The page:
“When philosophic reason is clear and certain by intuition or necessary induction, no subsequent revelation supported by prophecies or miracles can supersede it.” John Adams

    My guess is these moral Deists would not be opposed to same-sex unions on constitutional grounds, President Benson’s feelings notwithstanding.

  • Pagan Salt Lake City, UT
    Jan. 10, 2014 11:33 a.m.

    'Not paying for it is not "restricting access". "Restricting access" would be saying you can't buy it, or preventing you from buying it.'

    And that is exactly what is happening.

    'I won't sell to you' is factually restricting access. Just because you say ' because of my religion' does not mean the person in question trying to buy contraception, has any factual access.

    They do not.

    If you have to redirect someone to another place, that is not access. That is still, restricting the free agency of the person.

    based on your, religious convictions.

    The asbsudity of 'religious conviction' as a means to deny access to anything is a sham.

    what if your religion, contradicts my own?

    Well then, you should go to 'another state' to live in? Correct?

    Then persons of the LDS faith should never leave Utah. Because well 'you have a place to worship' don't you?

    Do you see the absurdity of this claim?

    No. In America? The country we live in, we claim, to advocate free agency. The freedom to live your life, as you choose.

    That does not come with restrictions.

  • 2 bits Cottonwood Heights, UT
    Jan. 10, 2014 11:14 a.m.

    RE "You cannot claim you are 'allowing' something, when you are factually restricting access"... (Pagan)

    ---

    Not paying for it is not "restricting access". "Restricting access" would be saying you can't buy it, or preventing you from buying it. Like putting it behind the counter or taking it off the market or something.

    Just not buying it FOR you... is not factually restricting access.

    By that logic, my boss not buying my lunch every day is restricting my access to lunch. And he is responsible for restricting my access to food and starving me to death if he doesn't buy my lunch.

  • Mike Richards South Jordan, Utah
    Jan. 10, 2014 10:47 a.m.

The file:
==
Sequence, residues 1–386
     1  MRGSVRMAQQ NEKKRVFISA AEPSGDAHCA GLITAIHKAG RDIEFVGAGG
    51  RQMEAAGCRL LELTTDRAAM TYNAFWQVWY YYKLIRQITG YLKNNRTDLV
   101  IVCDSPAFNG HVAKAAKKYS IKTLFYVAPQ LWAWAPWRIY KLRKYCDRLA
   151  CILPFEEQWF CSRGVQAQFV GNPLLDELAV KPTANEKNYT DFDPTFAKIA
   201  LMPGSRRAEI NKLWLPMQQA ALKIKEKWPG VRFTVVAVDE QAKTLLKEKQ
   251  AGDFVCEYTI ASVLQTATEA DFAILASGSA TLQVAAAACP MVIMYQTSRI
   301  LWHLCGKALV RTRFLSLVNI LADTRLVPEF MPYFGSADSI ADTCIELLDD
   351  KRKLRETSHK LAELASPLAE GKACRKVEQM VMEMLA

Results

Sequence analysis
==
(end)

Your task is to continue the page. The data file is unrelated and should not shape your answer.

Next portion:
Given the fact that many believe that they can change "definitions" to mean whatever they want those "definitions" to mean, Ezra Taft Benson, in 1987 quoted D&C 101:80 "I established the Constitution of this land,” said the Lord, “by the hands of wise men whom I raised up unto this very purpose”.

    He quoted George Washington: "No people can be bound to acknowledge and adore the invisible hand, which conducts the affairs of men, more than the people of the United States. Every step by which they have advanced to the character of an independent nation seems to have been distinguished by some token of providential agency” .

    President Benson said: "Unfortunately, we as a nation have apostatized in various degrees from different Constitutional principles as proclaimed by the inspired founders."

    He quoted John Adams: “Our Constitution was made only for a moral and religious people. It is wholly inadequate to the government of any other.”

    Finally, he quoted 2 Nephi 1:7. I'm going to let you look that up. Knowledge requires effort.

    Government cannot dictate religious doctrine.

  • Pagan Salt Lake City, UT
    Jan. 10, 2014 10:43 a.m.

    'The Constitution explicitly protects establishments of religion. It does not protect "feelings".'

    Then what is religion?

    We have examples of LGBT in every aspect of human history. Predating any religion. Any and all attempts to change a persons orientation has a 0.2% likely hood of change.

    I have better odds in Vegas.

    2) What is religion, but a choice? You cannot prove religion, ergo the concept of 'faith'.

    So, who is legislating based on 'feelings' here?

    Also why is this topic about gay marriage, when the OP was about 'contraception'…?

    # 1 that is off topic.

    # 2 if you call birth control contraception than you admit, by omission, that birth control is not an 'abortion pill'.

    Bottom line, I pay for male-enhancing drugs with my taxes, paid into Medicare.

    Now, people want an exception for contraception due to the feelings of their religion?

    What about the right of a person to choose their own actions?

    You cannot claim you are 'allowing' something, when you are factually restricting access.

    You cannot be the victim and the oppressor, at the same time.